GraphQL consists of two main parts:

  • A server-side schema that defines the available queries and types of data that may be returned.
  • A client query language that allows the client to specify what query to execute, and what data to return.

The GraphQL specification goes into detail about the format of the client query language, and the expected behavior of the server.

This library, Lacinia, is an implementation of the key component of the server, in idiomatic Clojure.


The GraphQL specification includes a language to define the server-side schema; the type keyword is used to introduce a new kind of object.

In Lacinia, the schema is Clojure data: a map of keys and values; top level keys indicate the type of data being defined:’

  {:description "The episodes of the original Star Wars trilogy."
   :values [:NEWHOPE :EMPIRE :JEDI]}}

  {:fields {:id {:type String}
            :name {:type String}
            :appearsIn {:type (list :Episode)}
            :friends {:type (list :Character)}}}}

  {:implements [:Character]
   :fields {:id {:type String}
            :name {:type String}
            :appearsIn {:type (list :Episode)}
            :friends {:type (list :Character)
                      :resolve :friends}
            :primaryFunction {:type (list String)}}}

  {:implements [:Character]
   :fields {:id {:type String}
            :name {:type String}
            :appearsIn {:type (list :Episode)}
            :friends {:type (list :Character)}
            :home_planet {:type String}}}

   {:hero {:type (non-null :Character)
           :args {:episode {:type :Episode}}}

    :human {:type (non-null :Human)
            :args {:id {:type String
                        :default-value "1001"}}}

    :droid {:type :Droid
            :args {:id {:type String
                        :default-value "2001"}}}}}}}

Here, we are defining Human and Droid objects. These have a lot in common, so we define a shared Character interface.

But how to access that data? That’s accomplished using one of three queries:

  • hero
  • human
  • droid

In this example, each query returns a single instance of the matching object. Often, a query will return a list of matching objects.

Compiling the Schema

The schema defines the shape of the data that can be queried, but leaves out where that data comes from. Unlike an object/relational mapping layer, where we might discuss database tables and rows, GraphQL (and by extension, Lacinia) has no idea where the data comes from.

That’s the realm of the field resolver function. Since EDN files are just data, we simply attach the actual functions after the EDN data is read into memory.

The schema starts as a data structure, we need to add in the field resolvers and then compile the result.

(ns org.example.schema
    [clojure.edn :as edn]
    [clojure.java.io :as io]
    [com.walmartlabs.lacinia.schema :as schema]
    [com.walmartlabs.lacinia.util :as util]
    [org.example.db :as db]))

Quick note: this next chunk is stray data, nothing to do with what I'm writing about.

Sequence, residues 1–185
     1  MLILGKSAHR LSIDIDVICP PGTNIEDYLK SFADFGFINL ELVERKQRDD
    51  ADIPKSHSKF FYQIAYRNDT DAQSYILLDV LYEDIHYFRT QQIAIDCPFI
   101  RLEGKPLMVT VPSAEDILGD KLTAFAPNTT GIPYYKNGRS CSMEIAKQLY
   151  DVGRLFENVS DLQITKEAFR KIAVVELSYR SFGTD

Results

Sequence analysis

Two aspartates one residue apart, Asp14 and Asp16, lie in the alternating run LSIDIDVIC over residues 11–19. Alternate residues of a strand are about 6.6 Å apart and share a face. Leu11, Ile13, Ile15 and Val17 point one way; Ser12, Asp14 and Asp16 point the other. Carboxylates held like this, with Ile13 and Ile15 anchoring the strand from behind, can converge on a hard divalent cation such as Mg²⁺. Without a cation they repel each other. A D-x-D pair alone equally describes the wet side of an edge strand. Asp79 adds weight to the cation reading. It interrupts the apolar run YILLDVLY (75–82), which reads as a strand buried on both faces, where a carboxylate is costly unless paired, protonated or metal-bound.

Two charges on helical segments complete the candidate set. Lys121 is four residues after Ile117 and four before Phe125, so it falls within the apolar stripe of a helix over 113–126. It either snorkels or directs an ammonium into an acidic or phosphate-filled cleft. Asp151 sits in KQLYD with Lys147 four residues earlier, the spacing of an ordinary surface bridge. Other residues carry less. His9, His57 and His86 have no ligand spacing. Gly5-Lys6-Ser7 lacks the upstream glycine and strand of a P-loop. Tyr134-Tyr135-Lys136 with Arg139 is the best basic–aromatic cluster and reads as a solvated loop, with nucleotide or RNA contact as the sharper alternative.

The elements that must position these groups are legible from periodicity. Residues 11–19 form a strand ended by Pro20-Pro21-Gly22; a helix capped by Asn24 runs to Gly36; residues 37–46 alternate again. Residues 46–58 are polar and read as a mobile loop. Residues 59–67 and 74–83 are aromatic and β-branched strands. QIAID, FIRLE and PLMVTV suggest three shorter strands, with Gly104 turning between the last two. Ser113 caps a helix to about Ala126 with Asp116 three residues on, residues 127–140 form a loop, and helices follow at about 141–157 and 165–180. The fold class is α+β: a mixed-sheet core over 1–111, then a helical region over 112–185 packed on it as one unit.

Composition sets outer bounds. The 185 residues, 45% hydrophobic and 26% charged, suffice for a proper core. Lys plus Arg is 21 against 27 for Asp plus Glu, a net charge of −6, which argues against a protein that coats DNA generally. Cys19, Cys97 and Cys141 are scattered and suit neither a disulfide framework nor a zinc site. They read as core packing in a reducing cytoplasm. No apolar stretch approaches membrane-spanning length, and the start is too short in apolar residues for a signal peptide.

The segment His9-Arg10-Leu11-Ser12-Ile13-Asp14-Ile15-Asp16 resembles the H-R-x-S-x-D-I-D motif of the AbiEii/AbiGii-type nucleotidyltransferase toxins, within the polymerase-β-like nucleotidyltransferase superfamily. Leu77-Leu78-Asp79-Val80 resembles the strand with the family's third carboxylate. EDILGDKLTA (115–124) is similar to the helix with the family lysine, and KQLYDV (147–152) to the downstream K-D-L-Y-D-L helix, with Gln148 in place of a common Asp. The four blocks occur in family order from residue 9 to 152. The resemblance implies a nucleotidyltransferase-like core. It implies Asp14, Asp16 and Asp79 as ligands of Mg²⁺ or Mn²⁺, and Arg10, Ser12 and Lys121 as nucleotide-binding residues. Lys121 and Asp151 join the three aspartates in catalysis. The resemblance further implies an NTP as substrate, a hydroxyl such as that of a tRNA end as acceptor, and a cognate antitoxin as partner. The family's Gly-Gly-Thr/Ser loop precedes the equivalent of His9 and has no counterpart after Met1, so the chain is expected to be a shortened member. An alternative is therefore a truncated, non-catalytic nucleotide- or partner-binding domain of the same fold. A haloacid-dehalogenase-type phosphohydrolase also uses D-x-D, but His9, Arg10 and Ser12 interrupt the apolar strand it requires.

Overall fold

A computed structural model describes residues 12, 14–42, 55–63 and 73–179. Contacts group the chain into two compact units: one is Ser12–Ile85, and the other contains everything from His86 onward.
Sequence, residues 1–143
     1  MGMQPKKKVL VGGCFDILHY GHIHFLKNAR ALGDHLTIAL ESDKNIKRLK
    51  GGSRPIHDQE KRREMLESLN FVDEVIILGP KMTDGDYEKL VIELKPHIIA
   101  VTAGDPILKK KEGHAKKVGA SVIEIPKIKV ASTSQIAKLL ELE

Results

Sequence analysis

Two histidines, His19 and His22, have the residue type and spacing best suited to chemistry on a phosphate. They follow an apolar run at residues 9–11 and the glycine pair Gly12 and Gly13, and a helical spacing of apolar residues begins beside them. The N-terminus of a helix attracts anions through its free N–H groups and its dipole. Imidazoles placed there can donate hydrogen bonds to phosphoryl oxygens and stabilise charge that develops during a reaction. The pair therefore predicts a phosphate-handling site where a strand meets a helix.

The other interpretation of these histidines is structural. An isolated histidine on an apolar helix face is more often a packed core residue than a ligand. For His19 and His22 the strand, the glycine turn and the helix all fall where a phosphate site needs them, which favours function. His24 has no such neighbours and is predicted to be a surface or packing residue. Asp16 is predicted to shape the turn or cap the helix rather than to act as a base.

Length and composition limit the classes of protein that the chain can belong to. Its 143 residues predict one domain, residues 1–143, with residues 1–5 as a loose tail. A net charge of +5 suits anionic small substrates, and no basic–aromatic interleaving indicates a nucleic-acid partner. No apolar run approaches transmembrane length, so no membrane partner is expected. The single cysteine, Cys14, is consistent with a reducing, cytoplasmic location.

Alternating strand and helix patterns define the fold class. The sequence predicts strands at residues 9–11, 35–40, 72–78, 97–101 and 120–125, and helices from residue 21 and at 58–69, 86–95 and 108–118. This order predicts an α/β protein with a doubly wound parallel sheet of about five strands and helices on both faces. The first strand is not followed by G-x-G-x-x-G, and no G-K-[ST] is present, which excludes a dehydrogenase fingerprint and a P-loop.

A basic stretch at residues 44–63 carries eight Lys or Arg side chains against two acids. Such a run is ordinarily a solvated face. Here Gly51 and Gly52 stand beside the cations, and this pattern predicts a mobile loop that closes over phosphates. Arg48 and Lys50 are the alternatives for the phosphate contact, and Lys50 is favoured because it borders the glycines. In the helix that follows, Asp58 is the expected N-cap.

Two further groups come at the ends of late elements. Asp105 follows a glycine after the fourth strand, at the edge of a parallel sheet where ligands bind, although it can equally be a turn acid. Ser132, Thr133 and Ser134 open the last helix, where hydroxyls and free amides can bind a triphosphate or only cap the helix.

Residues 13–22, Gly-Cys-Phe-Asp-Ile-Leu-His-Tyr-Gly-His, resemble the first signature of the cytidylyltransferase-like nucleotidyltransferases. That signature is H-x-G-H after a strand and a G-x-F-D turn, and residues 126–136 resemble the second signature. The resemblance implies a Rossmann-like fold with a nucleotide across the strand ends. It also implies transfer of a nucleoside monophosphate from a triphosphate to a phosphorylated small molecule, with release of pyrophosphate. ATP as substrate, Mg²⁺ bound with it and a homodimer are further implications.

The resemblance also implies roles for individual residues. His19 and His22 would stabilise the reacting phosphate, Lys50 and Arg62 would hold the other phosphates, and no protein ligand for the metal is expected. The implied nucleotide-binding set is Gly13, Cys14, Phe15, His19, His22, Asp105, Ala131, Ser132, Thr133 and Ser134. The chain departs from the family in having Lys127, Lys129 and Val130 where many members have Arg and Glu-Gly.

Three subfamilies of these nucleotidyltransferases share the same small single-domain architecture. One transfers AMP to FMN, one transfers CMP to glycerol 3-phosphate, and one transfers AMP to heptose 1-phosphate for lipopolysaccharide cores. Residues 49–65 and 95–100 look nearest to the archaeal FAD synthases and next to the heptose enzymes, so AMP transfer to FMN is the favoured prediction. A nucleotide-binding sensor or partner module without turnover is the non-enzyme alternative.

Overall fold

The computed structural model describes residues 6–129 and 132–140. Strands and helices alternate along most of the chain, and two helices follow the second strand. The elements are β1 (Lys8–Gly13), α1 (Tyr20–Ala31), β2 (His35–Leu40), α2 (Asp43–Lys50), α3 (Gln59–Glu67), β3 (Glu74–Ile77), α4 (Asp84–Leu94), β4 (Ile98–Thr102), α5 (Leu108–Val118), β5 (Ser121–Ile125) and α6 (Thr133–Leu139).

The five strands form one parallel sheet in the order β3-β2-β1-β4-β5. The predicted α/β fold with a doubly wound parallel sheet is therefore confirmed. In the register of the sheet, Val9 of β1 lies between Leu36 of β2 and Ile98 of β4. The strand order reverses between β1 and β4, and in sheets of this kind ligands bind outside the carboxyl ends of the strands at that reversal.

(defn star-wars-schema
  (-> (io/resource "star-wars-schema.edn")
      (util/inject-resolvers {:Query/hero db/resolve-hero
                              :Query/human db/resolve-human
                              :Query/droid db/resolve-droid
                              :Human/friends db/resolve-friends
                              :Droid/friends db/resolve-friends})

The com.walmartlabs.lacinia.util/inject-resolvers function identifies objects and fields within those objects, and adds the resolver function. With those functions in place, the schema can be compiled for execution.

Compilation performs a number of checks, applies defaults, merges in introspection data about the schema, and performs a number of other operations to ready the schema for use. The structure passed into compile is quite complex, so it is always validated using clojure.spec.

Parsing GraphQL IDL Schemas

Lacinia also offers support for parsing schemas defined in the GraphQL Interface Definition Language and tranforming them into the Lacinia schema data structure.

See GraphQL IDL Schema Parsing for details.

Executing Queries

With that in place, we can now execute queries.

  '[com.walmartlabs.lacinia :refer [execute]]
  '[org.example.schema :refer [star-wars-schema]])

(def compiled-schema (star-wars-schema))

(execute compiled-schema
  "query { human(id: \"1001\") { name }}"
  nil nil)
=> {:data {:human #ordered/map([:name "Darth Vader"])}}

The query string is parsed and matched against the queries defined in the schema.

The two nils are variables to be used executing the query, and an application context.

In GraphQL, queries can pass arguments (such as id) and queries identify exactly which fields of the matching objects are to be returned. This query can be stated as just provide the name of the human with id ‘1001’.

This is a successful query, it returns a result map [2] with a :data key. A failed query would return a map with an :errors key. A query can even be partially successful, returning as much data as it can, but also errors.

Inside :data is a key corresponding to the query, :human, whose value is the single matching human. Other queries might return a list of matches. Since we requested just a slice of a full human object, just the human’s name, the map has just a single :name key.

[1]This shouldn’t be strictly necessary (JSON and EDN don’t normally care about key order, and keys can appear in arbitrary order), but having consistent ordering makes writing tests involving GraphQL queries easier: you can typically check the textual, not parsed, version of the result map directly against an expected string value.
[2]In GraphQL’s specification, this is referred to as the “response”; in practice, this result data forms the body of a response map (when using Ring or Pedestal). Lacinia uses the terms result map or result data to keep these ideas distinct.